W: It is so important to me that I buy from ethical, conscientious companies! We all say we are against slavery, oppression, and/or abuse, but if we shop from companies that practice this then we are in effect supporting these deplorable actions. We can write letters to the editors or post things to facebook all we want, but it is how we spend our money that talks. The more companies see an economic reason to make changes for the better, the more they will. This is why we have seen a rise in companies like Toms shoes, Fair Trade coffee and chocolate, and companies like Noonday Collection. The more we raise the demand for ethically made products, the more companies will supply them!

E: What would you say to the reader who wants to make a difference, but doesn’t know where to start?

W: Start small! It is easy to be overwhelmed when you begin to learn about the numbers of those in poverty or the numbers of those effected by un-ethical companies around the world and feel like you have to throw out everything and begin to grow all your own food! But as Mother Theresa said, “we don’t do great things, we only do small things with great love.” Begin to make small changes in what you wear or what you eat. Buy only fair trade coffee or buy an accessory from Noonday Collection. Each time you drink your coffee or wear your accessory, think and pray for the person who made this item. Then, step-by-step you will begin to see other areas of your life that you can begin to make a difference. I read Isaiah 58 every day for 30 days and that kick-started a lot of changes in my own life, maybe that would be a place others would want to start as well. The most important thing is to do something, no matter how small!

I couldn’t agree with Whitney more (she used my favorite Mother Theresa quote too!). Making a difference starts with small things. Here’s five easy things you can do to start:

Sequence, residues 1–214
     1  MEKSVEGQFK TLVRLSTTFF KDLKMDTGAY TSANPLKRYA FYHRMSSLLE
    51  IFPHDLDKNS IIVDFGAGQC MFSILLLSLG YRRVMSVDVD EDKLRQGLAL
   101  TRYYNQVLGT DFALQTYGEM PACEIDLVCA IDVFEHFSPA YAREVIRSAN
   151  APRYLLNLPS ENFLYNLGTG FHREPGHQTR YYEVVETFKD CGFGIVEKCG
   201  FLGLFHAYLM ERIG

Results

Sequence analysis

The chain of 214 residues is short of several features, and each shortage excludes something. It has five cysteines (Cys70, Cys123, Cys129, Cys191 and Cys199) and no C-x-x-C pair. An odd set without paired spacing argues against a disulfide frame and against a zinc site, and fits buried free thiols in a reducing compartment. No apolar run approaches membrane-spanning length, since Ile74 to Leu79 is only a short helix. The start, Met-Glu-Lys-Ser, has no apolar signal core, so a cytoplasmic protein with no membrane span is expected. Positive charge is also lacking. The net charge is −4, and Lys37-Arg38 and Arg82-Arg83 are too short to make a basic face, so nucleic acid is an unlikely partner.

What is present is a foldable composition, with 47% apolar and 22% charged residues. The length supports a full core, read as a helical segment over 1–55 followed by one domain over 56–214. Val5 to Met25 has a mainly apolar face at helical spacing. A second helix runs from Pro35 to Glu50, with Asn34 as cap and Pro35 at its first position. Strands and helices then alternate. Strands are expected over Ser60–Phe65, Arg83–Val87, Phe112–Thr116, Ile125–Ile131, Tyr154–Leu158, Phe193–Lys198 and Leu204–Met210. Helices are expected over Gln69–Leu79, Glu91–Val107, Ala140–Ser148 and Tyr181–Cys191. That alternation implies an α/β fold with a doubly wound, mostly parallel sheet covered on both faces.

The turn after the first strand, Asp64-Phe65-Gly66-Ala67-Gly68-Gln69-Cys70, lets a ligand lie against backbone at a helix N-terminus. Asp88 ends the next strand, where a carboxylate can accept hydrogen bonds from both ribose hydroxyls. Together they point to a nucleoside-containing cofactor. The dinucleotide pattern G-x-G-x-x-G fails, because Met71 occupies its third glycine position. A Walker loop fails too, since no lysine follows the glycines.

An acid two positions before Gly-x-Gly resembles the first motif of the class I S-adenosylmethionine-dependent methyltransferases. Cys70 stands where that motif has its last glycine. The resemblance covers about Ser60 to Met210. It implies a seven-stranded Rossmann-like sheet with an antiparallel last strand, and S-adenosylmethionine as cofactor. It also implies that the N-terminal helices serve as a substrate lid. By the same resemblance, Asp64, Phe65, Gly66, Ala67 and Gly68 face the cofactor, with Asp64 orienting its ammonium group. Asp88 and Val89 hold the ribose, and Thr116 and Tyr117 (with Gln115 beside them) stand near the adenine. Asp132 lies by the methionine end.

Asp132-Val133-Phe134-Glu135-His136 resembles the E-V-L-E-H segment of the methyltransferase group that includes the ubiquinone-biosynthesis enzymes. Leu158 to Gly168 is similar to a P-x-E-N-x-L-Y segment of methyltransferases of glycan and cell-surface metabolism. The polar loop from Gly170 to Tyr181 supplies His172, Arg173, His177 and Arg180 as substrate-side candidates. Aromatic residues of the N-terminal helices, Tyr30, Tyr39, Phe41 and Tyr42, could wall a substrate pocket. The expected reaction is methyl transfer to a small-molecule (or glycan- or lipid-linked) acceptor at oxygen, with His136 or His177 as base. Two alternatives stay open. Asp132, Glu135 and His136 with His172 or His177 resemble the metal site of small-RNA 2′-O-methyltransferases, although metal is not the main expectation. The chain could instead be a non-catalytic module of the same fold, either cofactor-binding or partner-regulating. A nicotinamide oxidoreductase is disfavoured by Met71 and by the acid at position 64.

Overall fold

1. Look inside your closet, finding out where your clothes are made. 
2. Discover your slavery footprint.
3. Choose fair trade items when shopping.
4. Download the Free2Work app to find the most ethical companies by industry. 
5. Shop with companies who put your money to good use. Noonday, and the other companies on our sidebar, are great places to start!
Catch up on all the posts in this series here. 
Did you enjoy this interview? Let us know in the comments, and if you have a chance, check out Whitney’s Noonday page!

Fight Slavery? There’s An App For That

So now that you know how much of a difference switching to fair trade makes, how do you know what’s fair trade or ethically made? There’s an app for that. No joke.

All the work has been done for you! It takes about a minute to download the app, or if you don’t have a smart phone, use the website before you shop, and information about specific brands is RIGHT AT YOUR FINGER TIPS. It doesn’t get any easier than that.


That’s your homework for this week: Check out the grades for your favorite brands. How did they fare?  Share what you found out in the comments! 

How Many Slaves Work for You?

We’ve talked about modern slavery and how to fight it, what ethical fashion means, and I showed you the ten things I’m wearing this month. Now, let’s get personal.

According to Stop Traffick Fashion’s informative page on human trafficking, one of the main differences between past slavery and modern slavery is the price:  

In the past the cost of slaves was high, the return on investment was good, and there was motivation to keep and preserve slaves. Today the cost of slaves is low, the return on investment extremely high, and there is little motivation to keep and preserve slaves. Slaves become disposable.